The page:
Nevertheless, it’s a fascinating finding, one deserving of further research. If nothing else, it helps explain why so many artists feel a sense of calling or mission: Their appetite for art may have been instilled even before they were born.

Tom Jacobs
Staff writer Tom Jacobs is a veteran journalist with more than 20 years experience at daily newspapers. He has served as a staff writer for The Los Angeles Daily News and the Santa Barbara News-Press. His work has also appeared in The Los Angeles Times, Chicago Tribune, and Ventura County Star.

More From Tom Jacobs

A weekly roundup of the best of Pacific Standard and PSmag.com, delivered straight to your inbox.

Recent Posts

July 23 • 4:00 AM

Our Fear of Immigrants

Why did a group of fourth graders rally in support of an undocumented classmate while the citizens of Murrieta, California, tried to stop immigrant children from entering their town?


July 22 • 4:00 PM

Can Meditation Really Slow Aging?

Is there real science in the spiritualism of meditation? Jo Marchant meets a Nobel Prize-winner who thinks so.



July 22 • 2:00 PM

The Alabama Judge Who Refuses to Let Desegregation Orders Go Ignored

A federal judge in Alabama says a local school board has failed to meet legal mandate to integrate.


July 22 • 12:00 PM

On the Destinations of Species

It’s almost always easier to cross international borders if you’re something other than human.


July 22 • 10:51 AM

The Link Between Carbs, Gut Microbes, and Colon Cancer

Reduced carb intake among mice protected them from colon cancer.


July 22 • 10:47 AM

Irrational Choice Theory: The LeBron James Migration From Miami to Cleveland

Return migrants to Cleveland have been coming home in large numbers for quite some time. It makes perfect sense.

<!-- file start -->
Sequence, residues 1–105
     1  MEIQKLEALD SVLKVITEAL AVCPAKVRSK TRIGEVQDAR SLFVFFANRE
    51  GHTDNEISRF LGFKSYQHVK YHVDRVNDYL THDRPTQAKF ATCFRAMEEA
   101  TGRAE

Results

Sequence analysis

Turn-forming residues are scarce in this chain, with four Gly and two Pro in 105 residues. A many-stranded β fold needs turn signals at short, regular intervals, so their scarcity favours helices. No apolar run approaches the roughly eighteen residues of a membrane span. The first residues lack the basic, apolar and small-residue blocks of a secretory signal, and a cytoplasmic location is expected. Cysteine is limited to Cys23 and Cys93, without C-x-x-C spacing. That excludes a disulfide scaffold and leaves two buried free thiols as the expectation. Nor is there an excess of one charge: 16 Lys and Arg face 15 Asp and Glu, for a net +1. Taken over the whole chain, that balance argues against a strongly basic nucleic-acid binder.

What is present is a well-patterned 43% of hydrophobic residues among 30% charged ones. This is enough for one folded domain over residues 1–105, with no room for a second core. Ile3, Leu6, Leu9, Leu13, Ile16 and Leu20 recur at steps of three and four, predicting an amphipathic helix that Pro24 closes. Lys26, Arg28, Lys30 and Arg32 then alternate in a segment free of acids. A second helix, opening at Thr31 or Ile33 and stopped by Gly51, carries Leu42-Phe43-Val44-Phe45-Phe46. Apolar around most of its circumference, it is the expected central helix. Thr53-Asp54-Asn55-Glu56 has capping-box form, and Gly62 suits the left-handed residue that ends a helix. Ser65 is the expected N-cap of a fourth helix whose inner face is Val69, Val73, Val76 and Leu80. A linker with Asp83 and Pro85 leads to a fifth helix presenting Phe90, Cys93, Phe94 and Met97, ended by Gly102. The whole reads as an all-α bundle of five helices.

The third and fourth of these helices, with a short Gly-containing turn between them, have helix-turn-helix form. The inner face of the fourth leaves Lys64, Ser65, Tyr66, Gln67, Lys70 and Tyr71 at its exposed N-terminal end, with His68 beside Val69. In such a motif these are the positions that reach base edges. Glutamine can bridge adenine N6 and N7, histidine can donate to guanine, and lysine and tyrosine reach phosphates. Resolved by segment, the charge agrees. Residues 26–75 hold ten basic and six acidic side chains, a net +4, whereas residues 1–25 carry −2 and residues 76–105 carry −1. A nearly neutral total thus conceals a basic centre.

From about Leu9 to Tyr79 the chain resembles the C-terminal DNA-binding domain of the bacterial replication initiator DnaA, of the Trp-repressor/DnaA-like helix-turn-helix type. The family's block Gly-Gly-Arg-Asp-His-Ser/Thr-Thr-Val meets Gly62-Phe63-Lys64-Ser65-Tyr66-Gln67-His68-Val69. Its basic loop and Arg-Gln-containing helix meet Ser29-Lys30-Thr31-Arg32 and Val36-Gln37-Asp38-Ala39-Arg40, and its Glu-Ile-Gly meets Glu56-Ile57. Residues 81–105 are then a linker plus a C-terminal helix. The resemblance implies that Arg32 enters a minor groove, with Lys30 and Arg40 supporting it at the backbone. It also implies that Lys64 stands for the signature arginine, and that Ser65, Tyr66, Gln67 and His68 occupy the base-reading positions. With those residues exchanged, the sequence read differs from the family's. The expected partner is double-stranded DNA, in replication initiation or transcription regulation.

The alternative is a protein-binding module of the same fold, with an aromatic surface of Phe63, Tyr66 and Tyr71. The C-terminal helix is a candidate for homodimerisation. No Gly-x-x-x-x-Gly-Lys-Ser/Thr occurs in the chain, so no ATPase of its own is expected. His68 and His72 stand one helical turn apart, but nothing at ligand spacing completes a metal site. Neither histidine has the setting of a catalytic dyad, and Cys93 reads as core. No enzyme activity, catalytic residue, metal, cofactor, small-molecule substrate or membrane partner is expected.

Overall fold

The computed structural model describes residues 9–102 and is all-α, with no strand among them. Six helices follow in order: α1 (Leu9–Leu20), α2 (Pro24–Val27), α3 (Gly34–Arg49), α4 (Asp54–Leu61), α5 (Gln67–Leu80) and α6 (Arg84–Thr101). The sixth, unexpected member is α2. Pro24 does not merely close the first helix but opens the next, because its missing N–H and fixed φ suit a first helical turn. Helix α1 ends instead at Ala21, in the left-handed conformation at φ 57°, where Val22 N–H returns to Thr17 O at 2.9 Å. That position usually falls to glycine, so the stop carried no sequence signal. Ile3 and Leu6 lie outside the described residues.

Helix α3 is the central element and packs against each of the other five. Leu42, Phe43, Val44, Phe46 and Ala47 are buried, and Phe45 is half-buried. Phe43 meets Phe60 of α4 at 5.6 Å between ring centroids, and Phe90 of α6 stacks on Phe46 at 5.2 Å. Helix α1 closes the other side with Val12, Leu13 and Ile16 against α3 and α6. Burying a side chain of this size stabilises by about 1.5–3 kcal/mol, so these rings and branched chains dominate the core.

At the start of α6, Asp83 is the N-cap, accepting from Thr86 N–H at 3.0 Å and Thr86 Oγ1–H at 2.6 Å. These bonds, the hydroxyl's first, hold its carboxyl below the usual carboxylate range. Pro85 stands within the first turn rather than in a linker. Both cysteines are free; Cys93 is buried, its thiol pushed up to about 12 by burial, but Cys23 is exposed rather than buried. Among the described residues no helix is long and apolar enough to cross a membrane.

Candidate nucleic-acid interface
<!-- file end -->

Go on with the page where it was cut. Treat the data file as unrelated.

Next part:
July 22 • 9:32 AM

This Time, Scalia Was Right

President Obama’s recess appointments were wrong and, worse, dangerous.


July 22 • 8:00 AM

On Vegas Strip, Blackjack Rule Change Is Sleight of Hand

Casino operators are changing blackjack payouts to give the house an even greater advantage. Is this a sign that Vegas is on its way back from the recession, or that the Strip’s biggest players are trying to squeeze some more cash out of visitors before the well runs dry?


July 22 • 6:00 AM

Label Me Confused

How the words on a bag of food create more questions than answers.


July 22 • 5:07 AM

Doubly Victimized: The Shocking Prevalence of Violence Against Homeless Women

An especially vulnerable population is surveyed by researchers.


July 22 • 4:00 AM

New Evidence That Blacks Are Aging Faster Than Whites

A large study finds American blacks are, biologically, three years older than their white chronological counterparts.



July 21 • 4:00 PM

Do You Have to Learn How to Get High?

All drugs are socially constructed.


July 21 • 2:14 PM

The New Weapon Against Disease-Spreading Insects Is Big Data